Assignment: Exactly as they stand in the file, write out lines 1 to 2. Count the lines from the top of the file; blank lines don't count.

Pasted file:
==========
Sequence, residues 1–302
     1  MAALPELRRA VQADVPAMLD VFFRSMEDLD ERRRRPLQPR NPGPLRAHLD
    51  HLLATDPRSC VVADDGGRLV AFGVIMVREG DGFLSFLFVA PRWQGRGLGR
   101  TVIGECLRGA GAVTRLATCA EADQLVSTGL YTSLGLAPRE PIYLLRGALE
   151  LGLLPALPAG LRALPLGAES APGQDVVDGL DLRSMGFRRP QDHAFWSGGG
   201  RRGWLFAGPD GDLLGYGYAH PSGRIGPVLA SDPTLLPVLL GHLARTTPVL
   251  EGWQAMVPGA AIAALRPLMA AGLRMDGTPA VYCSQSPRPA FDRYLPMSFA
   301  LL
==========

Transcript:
Sequence, residues 1–302
     1  MAALPELRRA VQADVPAMLD VFFRSMEDLD ERRRRPLQPR NPGPLRAHLD